Pickleball’s meteoric rise in recent years prompts some important questions: is the sport safe? More importantly, what can players do to promote safety and maximize health benefits?
Those who have never experienced a pickleball injury may scoff at these questions, but consider recent research from the Journal of Emergency Medicine which reports nearly 20,000 injuries between 2001 and 2017.
Since the conclusion of that study, participation in pickleball has skyrocketed, meaning the rate of injury has also likely increased over the last couple of years.
But this doesn’t have to be an inevitability. Smart players can curb the likelihood of getting hurt with some simple preparation.
“Pickleball Elbow” and How to Avoid It
As with any racquet sport, there’s always the possibility for something called pickleball elbow, a commonly-reported issue.
“Based on the rotation aspect of racquet sports, there is an increased opportunity to sustain overuse injuries such as tendinitis of the shoulder, knee, and achilles, as well as tennis elbow,” says John Gallucci Jr., MS, ATC, PT, DPT, and CEO at JAG-ONE Physical Therapy.
Also known as “tennis elbow,” pickleball elbow is an overuse injury known in the medical field as lateral epicondylitis.
Gallucci explains this common affliction is caused by maneuvering the same repetitive wrist and arm motions, ultimately straining muscles and causing pain and inflammation.
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The most common symptoms of lateral epicondylitis include burning pain in the outer elbow, tension or weakness in the forearm, and elbow stiffness or achiness.
As is the case with other overuse injuries, the best way to prevent pickleball elbow is to properly prepare your body for the rigors of the sport.
Warm-ups and stretches ensure you have proper form and biomechanics. Some light weight lifting with free weights keeps your limbs flexible and strong.
“If this injury is sustained, proper treatment includes rest, ice to reduce inflammation, and physical therapy,” Gallucci says.
“Physical therapists are well versed in treating lateral epicondylitis and will create a customized treatment plan to heal the affected areas, build muscle strength, and avoid further injury.”
Find more resources on pickleball elbow treatment here.
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Pickleball Safety Tips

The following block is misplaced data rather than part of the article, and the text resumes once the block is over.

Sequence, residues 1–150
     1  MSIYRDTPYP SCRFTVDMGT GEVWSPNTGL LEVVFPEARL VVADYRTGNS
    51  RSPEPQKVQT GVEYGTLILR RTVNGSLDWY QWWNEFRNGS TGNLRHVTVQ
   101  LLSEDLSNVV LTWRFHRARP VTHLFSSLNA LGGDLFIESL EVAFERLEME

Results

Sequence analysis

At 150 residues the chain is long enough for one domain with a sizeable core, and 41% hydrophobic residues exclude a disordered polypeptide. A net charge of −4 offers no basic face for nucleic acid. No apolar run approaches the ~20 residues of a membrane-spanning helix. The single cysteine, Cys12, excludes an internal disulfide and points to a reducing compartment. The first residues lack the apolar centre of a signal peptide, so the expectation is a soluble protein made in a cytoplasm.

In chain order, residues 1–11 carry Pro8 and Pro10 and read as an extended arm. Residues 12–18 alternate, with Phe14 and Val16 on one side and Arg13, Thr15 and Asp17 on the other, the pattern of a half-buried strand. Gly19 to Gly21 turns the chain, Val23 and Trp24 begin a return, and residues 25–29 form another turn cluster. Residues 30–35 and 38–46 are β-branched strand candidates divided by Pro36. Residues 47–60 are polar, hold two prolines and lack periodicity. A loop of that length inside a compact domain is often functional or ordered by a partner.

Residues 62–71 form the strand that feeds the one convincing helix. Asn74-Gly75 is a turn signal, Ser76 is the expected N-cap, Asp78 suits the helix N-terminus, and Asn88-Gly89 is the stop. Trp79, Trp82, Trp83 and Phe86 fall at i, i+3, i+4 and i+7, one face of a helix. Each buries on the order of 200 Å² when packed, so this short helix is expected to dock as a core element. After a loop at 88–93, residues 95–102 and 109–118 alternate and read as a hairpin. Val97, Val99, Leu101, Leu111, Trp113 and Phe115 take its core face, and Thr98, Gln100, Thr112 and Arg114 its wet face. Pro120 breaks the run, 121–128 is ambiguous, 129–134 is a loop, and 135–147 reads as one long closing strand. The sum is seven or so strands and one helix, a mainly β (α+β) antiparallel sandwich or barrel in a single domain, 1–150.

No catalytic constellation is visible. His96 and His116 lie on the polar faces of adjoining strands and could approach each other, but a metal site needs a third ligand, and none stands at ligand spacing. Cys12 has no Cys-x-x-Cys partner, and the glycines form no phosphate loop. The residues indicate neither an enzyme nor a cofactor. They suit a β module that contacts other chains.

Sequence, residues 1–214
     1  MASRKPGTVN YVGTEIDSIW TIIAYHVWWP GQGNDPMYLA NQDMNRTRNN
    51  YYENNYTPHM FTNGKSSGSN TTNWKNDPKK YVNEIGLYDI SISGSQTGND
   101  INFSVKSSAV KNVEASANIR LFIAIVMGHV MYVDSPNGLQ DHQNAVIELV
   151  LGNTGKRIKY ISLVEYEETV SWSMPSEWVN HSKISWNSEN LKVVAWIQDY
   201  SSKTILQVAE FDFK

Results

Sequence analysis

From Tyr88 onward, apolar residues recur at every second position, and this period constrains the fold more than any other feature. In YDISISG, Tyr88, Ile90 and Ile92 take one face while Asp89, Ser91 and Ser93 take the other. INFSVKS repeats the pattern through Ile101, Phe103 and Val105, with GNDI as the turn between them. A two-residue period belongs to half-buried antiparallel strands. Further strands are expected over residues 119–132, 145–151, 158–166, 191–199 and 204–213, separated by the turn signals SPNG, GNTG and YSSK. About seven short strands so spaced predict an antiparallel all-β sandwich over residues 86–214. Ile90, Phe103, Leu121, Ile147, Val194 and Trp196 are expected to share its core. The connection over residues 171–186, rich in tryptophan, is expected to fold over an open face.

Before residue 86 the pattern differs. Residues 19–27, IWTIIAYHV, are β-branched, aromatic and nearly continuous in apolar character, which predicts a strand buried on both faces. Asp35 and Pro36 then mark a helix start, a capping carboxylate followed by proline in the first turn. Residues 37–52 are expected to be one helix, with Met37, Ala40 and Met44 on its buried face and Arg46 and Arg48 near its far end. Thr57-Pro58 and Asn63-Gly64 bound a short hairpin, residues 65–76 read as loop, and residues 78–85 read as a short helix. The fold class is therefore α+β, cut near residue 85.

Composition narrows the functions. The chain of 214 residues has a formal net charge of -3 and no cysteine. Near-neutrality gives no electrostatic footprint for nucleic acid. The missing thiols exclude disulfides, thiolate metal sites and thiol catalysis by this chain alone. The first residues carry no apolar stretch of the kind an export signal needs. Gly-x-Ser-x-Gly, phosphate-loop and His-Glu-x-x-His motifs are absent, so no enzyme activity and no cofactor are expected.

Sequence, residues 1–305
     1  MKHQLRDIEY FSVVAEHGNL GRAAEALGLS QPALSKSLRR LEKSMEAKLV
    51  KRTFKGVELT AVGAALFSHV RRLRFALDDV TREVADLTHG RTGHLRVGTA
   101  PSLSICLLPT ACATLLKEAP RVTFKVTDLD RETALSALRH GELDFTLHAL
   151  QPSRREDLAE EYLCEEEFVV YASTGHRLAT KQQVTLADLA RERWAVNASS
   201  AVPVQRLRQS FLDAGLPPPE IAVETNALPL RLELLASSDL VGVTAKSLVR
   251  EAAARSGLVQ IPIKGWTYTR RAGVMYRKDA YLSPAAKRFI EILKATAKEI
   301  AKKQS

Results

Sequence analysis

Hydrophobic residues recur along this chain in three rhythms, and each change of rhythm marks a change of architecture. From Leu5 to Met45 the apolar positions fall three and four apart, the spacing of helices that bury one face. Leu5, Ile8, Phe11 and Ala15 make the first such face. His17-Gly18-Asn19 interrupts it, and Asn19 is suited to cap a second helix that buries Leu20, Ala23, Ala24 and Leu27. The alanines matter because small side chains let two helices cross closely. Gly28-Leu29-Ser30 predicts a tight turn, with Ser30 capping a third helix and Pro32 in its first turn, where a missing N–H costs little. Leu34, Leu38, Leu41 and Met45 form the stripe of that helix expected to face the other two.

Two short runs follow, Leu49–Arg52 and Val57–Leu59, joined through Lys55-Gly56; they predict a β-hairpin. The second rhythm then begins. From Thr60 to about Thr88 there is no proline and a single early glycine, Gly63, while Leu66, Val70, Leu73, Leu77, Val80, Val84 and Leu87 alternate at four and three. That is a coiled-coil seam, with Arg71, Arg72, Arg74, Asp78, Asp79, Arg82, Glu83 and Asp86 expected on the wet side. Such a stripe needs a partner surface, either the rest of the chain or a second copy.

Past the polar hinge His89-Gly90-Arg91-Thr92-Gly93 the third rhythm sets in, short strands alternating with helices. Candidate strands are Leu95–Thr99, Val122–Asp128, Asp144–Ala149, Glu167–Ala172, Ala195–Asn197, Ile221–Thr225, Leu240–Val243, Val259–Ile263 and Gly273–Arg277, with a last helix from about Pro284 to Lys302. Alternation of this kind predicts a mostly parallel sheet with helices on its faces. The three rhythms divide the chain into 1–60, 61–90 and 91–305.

Here are a few quick tips for keeping your body in game-ready condition before, during, and after your next pickleball session:
- Consider protective eyewear: Those who wear eyeglasses already often invest in pair of prescription protective eyewear (if not, they should!). But those that don't wear glasses often don't wear anything to protect their eyes. Even a pair of shades is better than nothing; but if you play pickleball often, it is wise to invest in a pair of impact-resistant sports glasses.
- Don't skip warm-ups: “As with any rotational racquet sport, it is important to warm up for 5-10 minutes and get the body sweating before truly participating,” Gallucci says. This means any combination of a light jog, stretches, or even a few jumping jacks.
- Pay attention to your body: If you feel dehydration or fatigue set in, take a break. Even a 2-minute rest and rehydration period can help re-energize and prevent missteps during play.
- Work on mobility: While pickleball is supposed to be the sport that’s “easy on the joints,” competitive play often necessitates quick pivots and turns. If your mobility is less accessible and you feel rigid when you stretch, consider knee or ankle compression sleeves to stabilize key joints.
Pickleball Health Benefits
If this article made you just a little less excited to play your next game, we want to offer our assurance: by and large, pickleball is safe. There are far more dangerous sports out there.
Pickleball isn’t just popular because of its low learning curve; it’s famously easier on players’ bodies than other related sports.
For example, pickleball is a great option for aerobic activity that can yield great benefits for overall fitness and heart health.
“The body will benefit based on the functionality and biomechanics utilized for the sport,” Gallucci says.
Importantly, though, the social nature of the game poses benefits to players’ mental health.
“Pickleball provides a great socialization outlet,” Gallucci says.
“Instead of going to the gym for a session by yourself, pickleball offers an outlet to exercise while socializing with others and creating a great network!”